This piece originally appeared on Medium on January 23, 2017.
Last week, the Times published one of its most important pieces on the Trump administration, Jim Rutenberg’s “As Trump Berates News Media, A New Strategy is Needed to Cover Him.” Mr. Rutenberg wrote, “The news media remains an unwitting accomplice in its own diminishment as it fails to get a handle on how to cover this new and wholly unprecedented president. It better figure things out […]”
Mr. Rutenberg’s piece is vitally important because the press is in an unprecedentedly difficult position: First, it must remind the world that it is one of the pillars on which democracy stands (there is a reason the first amendment is first); second, it is a constant and particular target of the President; and third, it must figure out how to do its job in a strange and chaotic landscape in order to disrupt the vicious cycle generated by the first two factors. If it is ill equipped to keep itself alive, its survival is bound up with the Republic’s.
Mr. Rutenberg wrote that journalists must “find the courage to change the things they can, in the right ways, not the wrong ways.” Reporters can safeguard their duty with a simple but effective shift in coverage: they must report on patterns and actions, not “content.” Trump lies and contradicts himself so consistently, so intentionally, that reporting his words as though they contain actual information is a waste of time and an accelerant of his agenda. An effective report, rather than beginning, “Trump says…”, might read, “Trump continues stream of Twitter rants laced with inaccuracies, falsehoods, and inconsistencies.” This method identifies the real story: the pattern, the phenomenon, the what of what Trump is doing.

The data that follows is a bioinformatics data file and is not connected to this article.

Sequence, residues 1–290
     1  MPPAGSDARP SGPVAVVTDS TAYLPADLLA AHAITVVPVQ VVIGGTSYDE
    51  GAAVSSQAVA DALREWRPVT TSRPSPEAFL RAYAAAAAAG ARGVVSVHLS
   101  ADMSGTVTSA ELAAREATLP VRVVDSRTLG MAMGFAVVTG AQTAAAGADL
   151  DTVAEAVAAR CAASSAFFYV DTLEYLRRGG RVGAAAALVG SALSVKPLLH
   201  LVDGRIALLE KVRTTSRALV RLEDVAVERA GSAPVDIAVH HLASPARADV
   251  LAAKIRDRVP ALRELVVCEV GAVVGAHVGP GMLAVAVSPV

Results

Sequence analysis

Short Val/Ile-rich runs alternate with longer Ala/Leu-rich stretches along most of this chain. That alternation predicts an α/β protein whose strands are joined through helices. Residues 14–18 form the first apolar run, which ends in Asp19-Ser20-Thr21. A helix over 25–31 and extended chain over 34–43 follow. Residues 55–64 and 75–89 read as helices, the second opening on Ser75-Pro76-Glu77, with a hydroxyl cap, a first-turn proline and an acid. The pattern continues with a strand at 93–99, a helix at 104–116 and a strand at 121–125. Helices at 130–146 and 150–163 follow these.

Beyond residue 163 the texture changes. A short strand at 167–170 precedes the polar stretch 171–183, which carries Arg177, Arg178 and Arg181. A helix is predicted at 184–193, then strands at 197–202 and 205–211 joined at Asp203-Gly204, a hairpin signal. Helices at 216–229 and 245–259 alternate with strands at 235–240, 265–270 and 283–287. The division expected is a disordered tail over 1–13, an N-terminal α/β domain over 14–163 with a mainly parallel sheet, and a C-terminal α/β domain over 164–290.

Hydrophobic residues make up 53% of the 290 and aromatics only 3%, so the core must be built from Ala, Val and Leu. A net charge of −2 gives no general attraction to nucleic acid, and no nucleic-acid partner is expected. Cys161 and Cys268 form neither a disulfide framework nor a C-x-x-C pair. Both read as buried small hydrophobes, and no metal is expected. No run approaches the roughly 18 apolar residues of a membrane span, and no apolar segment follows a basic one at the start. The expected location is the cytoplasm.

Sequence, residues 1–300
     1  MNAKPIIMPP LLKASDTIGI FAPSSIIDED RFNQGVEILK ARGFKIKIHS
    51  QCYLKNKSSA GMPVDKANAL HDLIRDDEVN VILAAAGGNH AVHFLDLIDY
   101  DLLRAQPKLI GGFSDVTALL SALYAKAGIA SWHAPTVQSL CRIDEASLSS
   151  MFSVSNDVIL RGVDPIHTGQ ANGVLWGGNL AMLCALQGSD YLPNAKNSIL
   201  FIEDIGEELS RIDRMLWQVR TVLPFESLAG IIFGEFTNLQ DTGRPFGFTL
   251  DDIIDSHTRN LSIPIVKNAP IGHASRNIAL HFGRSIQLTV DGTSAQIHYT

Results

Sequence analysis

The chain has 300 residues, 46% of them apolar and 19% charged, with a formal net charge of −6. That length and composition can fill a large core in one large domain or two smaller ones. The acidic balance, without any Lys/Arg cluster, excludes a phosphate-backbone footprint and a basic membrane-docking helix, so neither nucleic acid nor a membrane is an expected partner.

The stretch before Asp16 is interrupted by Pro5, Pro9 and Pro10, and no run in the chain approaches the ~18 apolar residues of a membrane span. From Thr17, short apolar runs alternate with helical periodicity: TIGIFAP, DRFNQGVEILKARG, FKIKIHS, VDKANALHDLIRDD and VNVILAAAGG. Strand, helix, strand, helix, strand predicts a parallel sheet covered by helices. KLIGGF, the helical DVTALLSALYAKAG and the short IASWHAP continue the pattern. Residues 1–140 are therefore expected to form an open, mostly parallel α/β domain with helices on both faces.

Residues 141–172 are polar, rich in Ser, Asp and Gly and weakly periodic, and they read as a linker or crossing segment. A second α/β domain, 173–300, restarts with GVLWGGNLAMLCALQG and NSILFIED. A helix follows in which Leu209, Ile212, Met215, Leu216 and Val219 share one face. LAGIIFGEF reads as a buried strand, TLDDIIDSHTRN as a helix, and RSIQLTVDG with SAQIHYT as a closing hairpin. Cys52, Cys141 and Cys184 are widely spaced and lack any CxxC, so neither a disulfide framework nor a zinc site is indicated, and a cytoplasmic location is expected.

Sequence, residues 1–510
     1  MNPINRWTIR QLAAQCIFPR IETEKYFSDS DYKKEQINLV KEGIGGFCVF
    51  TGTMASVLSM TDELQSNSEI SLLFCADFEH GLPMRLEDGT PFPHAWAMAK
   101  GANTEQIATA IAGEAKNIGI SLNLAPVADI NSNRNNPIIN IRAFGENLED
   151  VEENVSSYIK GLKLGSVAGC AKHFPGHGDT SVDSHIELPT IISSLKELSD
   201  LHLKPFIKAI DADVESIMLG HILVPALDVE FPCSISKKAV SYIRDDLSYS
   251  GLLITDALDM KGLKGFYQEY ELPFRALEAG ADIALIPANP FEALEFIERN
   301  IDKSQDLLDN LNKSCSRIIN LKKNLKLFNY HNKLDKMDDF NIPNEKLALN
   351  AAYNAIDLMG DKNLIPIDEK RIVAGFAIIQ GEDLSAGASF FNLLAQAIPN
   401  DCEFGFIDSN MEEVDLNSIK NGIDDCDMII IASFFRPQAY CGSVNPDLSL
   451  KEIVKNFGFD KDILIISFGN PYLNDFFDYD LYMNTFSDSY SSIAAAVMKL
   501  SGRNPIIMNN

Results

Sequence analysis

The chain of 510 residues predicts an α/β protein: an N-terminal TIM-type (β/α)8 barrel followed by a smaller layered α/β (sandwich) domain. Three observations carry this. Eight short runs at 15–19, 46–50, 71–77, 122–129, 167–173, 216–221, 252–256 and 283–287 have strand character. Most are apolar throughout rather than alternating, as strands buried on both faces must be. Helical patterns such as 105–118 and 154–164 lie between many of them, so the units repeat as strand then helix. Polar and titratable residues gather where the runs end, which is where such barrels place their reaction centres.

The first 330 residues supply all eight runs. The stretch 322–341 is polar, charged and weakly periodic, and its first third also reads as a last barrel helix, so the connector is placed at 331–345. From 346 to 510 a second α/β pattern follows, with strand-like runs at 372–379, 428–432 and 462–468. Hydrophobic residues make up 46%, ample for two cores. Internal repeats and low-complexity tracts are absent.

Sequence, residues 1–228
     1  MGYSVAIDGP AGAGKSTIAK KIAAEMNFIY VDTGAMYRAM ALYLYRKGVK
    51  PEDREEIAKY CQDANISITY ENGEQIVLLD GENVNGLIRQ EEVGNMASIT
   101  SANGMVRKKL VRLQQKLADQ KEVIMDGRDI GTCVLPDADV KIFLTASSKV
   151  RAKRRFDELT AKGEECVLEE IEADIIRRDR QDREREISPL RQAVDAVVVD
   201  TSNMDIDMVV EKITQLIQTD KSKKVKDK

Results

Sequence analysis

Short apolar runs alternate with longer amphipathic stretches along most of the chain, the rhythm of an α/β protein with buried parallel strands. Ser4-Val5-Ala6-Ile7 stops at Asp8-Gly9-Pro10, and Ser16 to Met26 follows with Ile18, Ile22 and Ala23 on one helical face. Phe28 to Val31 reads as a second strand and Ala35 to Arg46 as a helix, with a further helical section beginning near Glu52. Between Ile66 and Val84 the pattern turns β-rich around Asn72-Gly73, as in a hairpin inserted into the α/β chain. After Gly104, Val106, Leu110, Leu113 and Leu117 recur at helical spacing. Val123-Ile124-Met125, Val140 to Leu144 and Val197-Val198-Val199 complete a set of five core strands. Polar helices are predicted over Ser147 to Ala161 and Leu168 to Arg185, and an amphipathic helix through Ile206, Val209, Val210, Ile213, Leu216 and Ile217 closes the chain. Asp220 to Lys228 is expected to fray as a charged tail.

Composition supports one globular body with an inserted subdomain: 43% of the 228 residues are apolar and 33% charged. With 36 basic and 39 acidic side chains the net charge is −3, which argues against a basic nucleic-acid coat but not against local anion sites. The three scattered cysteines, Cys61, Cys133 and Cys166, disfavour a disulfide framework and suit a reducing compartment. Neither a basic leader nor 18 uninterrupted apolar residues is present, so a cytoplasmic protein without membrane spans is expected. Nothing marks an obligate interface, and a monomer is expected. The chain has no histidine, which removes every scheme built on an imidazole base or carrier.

But to report (or worse, retweet) each of his deliberately false statements, as many in the news media have been doing, spreads mendacious content that adds no value to the general body of knowledge and continues to miss the real story: that the President of the United States is engaged in a longterm and ongoing practice of publishing lies and deceit via a personal channel, consolidating federal authority within himself, confusing personal reaction with national policy.
Authoritarians sow chaos so they can act while others are still stunned reacting. Journalists, appalled (as most normal humans would be, presented with such a staggering conflagration of nonsense and falsehood) are left sputtering in shock, looking foolish and impotent. Reporting the patterns of the President’s (and his staff’s) mendacity, rather than trying to react to the lies themselves, denies them this power.
This week, the news media appear to have begun catching on. On January 21, after Trump’s Press Secretary, Sean Spicer, welcomed the press to the White House briefing room by berating them and then unleashing a tirade of lies about inauguration numbers, the Times headline read, “With False Claims, Trump Attacks Media on Turnout and Intelligence Rift.” The same day, on “Meet the Press,” Chuck Todd interrupted Kellyanne Conway’s astounding claim that the White House was offering “alternative facts” to defuse the term: “those are falsehoods.”
The press can beat Trump, and they must. To do so will require them to eschew the presumed traditions of access journalism, and to take the Trump administration up on its adversarial challenge. They must meet its corrosive antagonism with ferocious defiance. Courageously, relentlessly, and fearlessly, they must dig, uncover, reveal, and name. Under appalling duress, they can save themselves — and preserve the Republic — by doing their jobs.